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Thanksgiving is almost here, and I’ve already eaten half a bag of King’s Hawaiian rolls. I’m looking forward to signing off, seeing family, and eating a lot more bread later this week. But for now: podcasts. Or music, actually — most of this week’s news is about streaming music and what we listen to. And mostly, this week’s newsletter is about a service I have very fond memories of, even if I haven’t used it in many, many years.
Today, we’ve got a check-in on Last.fm and its burgeoning presence on Discord, an update on Neil Young on Spotify, a new audio editing tool from Anchor, and an expansion of Spotify’s audiobook efforts.
A quick heads-up for Insiders: we’re taking Thursday and Friday off this week for the holidays. Ariel will be back with you on Tuesday. See you then, and have a great holiday!
Last.fm turns 20 — and people are still scrobbling
Over the weekend, the service that popularized the practice of tracking your digital listening habits turned 20 years old. Last.fm’s users are still scrobbling — that is, tracking their music playback — hundreds of thousands of times a day, according to a running counter on the service’s website.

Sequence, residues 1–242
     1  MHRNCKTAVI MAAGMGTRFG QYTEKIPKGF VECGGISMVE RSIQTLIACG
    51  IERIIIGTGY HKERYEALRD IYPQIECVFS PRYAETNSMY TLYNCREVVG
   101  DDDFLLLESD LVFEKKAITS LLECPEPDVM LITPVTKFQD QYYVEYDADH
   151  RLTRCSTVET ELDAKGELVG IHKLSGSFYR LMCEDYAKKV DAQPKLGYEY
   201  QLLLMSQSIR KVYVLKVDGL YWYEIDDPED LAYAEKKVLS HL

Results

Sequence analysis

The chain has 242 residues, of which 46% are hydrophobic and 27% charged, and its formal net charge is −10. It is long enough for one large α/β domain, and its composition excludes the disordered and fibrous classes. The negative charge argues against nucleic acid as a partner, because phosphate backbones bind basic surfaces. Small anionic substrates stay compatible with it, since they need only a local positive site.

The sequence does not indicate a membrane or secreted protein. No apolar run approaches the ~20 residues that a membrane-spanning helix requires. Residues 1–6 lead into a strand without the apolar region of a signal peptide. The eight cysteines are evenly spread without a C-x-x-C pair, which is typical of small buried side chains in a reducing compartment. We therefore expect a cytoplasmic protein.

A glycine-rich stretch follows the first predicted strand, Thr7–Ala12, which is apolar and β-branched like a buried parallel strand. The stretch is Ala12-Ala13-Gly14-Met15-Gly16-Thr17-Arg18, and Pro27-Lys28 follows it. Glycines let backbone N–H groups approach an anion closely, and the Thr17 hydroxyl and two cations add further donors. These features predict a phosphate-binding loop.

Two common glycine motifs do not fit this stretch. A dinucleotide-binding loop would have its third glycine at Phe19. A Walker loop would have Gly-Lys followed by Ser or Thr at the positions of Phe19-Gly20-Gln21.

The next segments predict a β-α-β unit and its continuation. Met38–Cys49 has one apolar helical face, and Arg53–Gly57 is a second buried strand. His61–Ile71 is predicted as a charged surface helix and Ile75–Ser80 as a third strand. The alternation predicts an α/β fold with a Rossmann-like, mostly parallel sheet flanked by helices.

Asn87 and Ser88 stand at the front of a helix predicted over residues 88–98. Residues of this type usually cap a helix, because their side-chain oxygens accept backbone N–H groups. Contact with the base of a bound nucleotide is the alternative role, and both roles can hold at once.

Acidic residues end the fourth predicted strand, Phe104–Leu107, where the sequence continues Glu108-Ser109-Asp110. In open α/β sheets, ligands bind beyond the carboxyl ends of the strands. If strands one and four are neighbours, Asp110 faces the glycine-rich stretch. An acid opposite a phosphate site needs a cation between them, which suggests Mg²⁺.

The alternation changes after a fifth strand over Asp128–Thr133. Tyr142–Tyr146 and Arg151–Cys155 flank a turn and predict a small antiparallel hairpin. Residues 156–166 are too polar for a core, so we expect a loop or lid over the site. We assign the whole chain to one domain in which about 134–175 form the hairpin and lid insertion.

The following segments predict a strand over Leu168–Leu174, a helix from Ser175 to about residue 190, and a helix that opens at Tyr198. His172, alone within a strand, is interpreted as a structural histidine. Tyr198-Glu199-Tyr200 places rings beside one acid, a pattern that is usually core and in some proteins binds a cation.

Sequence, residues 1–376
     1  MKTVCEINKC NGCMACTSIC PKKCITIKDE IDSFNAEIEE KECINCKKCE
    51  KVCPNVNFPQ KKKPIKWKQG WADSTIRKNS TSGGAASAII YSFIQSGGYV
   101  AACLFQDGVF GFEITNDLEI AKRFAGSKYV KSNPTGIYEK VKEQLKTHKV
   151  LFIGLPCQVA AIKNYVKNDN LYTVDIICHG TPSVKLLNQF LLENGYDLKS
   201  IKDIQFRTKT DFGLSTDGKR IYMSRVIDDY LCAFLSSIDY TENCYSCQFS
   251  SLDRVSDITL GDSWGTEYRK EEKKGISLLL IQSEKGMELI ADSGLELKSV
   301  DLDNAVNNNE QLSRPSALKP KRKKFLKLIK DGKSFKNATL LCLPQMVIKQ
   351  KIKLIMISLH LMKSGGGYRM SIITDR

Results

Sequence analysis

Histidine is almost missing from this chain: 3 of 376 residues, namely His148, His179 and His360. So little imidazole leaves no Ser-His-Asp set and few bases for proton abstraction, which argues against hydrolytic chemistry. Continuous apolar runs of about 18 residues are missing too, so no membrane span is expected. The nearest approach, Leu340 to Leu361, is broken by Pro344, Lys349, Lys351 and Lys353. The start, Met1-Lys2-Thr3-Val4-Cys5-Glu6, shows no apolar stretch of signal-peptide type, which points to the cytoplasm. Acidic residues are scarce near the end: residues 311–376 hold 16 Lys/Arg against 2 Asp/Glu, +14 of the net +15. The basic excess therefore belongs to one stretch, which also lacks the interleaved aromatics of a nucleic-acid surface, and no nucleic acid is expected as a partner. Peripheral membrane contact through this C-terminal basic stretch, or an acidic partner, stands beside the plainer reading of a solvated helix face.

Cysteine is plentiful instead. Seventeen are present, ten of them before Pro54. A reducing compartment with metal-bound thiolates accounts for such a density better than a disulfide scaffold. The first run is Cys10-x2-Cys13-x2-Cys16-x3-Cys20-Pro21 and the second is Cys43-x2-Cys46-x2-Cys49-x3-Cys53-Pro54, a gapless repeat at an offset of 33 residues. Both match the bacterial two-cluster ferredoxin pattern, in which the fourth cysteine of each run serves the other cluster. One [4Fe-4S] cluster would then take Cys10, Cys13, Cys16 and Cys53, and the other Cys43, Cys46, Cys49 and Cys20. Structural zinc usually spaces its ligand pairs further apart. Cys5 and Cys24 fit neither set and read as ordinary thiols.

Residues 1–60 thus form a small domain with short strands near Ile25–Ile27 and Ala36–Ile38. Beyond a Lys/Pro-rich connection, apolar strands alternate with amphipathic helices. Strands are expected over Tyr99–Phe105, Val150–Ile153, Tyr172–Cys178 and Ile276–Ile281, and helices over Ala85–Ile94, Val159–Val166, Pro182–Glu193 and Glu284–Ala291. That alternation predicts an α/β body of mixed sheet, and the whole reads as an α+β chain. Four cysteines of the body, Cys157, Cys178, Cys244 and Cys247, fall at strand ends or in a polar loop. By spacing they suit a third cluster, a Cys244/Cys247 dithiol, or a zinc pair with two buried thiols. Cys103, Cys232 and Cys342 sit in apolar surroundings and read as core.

Last.fm felt just a little bit revolutionary when it was first introduced in the early 2000s. The site’s plug-ins — which were originally created for a different service called Audioscrobbler — tapped into your music player, took note of everything you listened to, and then displayed all kinds of statistics about your listening habits. Plus, it could recommend tracks and artists to you based on what other people with similar listening habits were interested in. “If this catches on, a system like this would be a really effective way to discover new artists and find people with similar tastes,” the blogger Andy Baio wrote in February 2003 after first trying it out.